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Frost Cracks

Question of the Week

Frost Cracks

Despite their ominous appearance, frost cracks are rarely cause for alarm. Q. When I was out shoveling our sidewalk a couple of weeks ago, I was shocked to see a huge crack running up the trunk of one of our sycamore trees. It starts just above the ground and must be at least ten feet long. It's also four inches wide and at least six inches deep! I've never seen this before and would hate to lose the tree as it provides much-needed shade during the summer.

A. You've described a "frost" crack. They're actually relatively common in sycamore, London plane (a hybrid between our native sycamore and oriental planetree), maple, linden, crabapple, and other smooth-barked trees.

As temperatures warm in the spring, the frost crack in the photograph at the top of this page closes.Frost cracks occur during bitterly cold, sunny winter weather that causes uneven heating and cooling of tree bark, the cambial layer of live cells just beneath the bark, and interior wood. It's commonly held that during a sunny, cold winter day, the wood of a tree's trunk can become twenty or more degrees warmer than the surrounding air. However, when the sun's rays are blocked by a thick cloud, a building or even a nearby tree, the wood cools rapidly, causing it to contract and split or crack vertically.

In planetrees, it's been observed that these cracks will open when air temperatures drop to 8 F, and continue to open wider as the temperature drops even more. It could be that this crack occurred just a couple of weeks ago during the stretch of bitterly cold, but relatively sunny weather we experienced between the middle and end of January. It's just as likely, however, that the crack occurred several years ago and you only noticed it this year when it opened during the cold weather?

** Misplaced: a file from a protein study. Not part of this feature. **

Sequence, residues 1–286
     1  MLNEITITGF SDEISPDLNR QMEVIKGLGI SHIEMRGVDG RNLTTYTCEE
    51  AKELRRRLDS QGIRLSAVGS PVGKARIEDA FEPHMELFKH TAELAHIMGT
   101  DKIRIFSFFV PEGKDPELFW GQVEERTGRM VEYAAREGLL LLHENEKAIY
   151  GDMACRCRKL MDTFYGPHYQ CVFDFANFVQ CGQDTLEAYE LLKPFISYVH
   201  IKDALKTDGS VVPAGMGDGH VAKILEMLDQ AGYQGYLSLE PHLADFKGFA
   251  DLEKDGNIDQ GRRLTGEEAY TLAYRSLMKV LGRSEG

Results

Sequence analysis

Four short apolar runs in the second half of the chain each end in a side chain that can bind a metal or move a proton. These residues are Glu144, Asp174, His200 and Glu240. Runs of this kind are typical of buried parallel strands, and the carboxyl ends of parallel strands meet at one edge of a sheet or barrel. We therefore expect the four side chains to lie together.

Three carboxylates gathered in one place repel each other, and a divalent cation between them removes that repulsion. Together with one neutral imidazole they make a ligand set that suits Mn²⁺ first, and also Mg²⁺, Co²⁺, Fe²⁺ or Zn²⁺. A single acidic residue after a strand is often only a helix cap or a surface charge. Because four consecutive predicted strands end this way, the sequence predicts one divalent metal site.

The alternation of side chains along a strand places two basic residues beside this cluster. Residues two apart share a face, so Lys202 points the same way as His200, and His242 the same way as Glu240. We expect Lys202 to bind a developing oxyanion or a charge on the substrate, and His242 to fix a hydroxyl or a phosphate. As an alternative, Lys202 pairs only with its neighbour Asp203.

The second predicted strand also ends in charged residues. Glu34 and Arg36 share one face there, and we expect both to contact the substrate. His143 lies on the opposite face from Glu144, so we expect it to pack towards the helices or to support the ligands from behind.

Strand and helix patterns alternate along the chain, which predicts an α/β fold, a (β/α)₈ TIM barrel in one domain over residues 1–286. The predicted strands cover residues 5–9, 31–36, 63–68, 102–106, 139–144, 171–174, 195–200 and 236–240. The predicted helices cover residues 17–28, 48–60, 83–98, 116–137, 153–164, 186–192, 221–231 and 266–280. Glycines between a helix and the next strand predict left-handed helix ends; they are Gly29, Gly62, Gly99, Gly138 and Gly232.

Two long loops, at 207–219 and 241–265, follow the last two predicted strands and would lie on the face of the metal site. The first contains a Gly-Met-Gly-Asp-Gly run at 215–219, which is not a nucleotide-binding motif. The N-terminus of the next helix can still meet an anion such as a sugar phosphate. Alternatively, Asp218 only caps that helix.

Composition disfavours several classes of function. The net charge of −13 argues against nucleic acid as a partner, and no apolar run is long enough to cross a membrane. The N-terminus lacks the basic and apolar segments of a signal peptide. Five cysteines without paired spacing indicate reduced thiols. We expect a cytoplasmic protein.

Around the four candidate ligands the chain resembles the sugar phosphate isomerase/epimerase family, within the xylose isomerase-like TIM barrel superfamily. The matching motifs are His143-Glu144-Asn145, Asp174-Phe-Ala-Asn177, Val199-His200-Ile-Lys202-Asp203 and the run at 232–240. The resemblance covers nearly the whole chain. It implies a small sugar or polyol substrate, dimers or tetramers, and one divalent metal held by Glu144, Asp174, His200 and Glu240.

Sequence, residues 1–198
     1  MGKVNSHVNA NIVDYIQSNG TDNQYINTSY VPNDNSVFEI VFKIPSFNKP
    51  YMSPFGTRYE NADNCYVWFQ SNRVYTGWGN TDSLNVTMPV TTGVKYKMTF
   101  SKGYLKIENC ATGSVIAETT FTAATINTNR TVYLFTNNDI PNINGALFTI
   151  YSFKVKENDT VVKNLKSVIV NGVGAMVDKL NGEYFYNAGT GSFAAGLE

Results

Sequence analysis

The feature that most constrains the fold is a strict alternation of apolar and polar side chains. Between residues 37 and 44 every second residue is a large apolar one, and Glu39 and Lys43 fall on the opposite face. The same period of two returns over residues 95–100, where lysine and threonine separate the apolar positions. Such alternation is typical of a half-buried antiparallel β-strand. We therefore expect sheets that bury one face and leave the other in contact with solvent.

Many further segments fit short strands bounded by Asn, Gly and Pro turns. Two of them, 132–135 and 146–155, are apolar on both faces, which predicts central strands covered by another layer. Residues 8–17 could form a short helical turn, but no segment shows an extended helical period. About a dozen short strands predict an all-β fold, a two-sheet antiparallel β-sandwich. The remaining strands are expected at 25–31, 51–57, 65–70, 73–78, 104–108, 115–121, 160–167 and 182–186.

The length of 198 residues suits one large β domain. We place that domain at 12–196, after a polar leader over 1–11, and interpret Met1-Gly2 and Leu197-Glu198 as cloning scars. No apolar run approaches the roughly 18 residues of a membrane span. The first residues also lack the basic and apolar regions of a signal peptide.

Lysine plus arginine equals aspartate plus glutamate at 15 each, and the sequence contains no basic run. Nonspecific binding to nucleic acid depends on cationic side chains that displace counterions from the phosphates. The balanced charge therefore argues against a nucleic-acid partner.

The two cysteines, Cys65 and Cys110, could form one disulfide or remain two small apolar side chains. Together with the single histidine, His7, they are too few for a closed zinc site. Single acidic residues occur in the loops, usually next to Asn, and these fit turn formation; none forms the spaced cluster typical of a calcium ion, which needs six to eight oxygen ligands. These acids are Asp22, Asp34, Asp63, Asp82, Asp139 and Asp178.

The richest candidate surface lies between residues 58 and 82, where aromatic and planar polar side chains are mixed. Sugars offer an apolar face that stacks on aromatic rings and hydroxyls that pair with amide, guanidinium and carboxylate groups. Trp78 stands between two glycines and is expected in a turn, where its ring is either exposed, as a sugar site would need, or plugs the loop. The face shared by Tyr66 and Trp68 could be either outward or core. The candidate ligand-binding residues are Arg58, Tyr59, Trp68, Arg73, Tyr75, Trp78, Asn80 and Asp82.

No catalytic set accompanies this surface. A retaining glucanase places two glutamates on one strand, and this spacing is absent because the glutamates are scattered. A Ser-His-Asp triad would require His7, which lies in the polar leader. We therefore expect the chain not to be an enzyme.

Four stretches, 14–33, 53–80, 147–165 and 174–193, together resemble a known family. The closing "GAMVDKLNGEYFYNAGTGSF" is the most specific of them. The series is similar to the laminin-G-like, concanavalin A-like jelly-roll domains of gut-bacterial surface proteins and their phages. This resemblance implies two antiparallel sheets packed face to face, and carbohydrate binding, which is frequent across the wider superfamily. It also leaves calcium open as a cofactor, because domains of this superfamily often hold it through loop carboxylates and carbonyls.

Regardless of when it happened, the good news is that as the weather warms during the coming months, the crack will gradually close (photo above, at left). In fact, during the middle of the summer it may be almost invisible except for a raised ridge, or "rib" of callus tissue that will form over the edges of the wound. And, while it's possible for decay organisms to invade the crack, it's also possible that the tree will gradually seal it off and live for decades, even if it does open during future stretches of cold winter weather.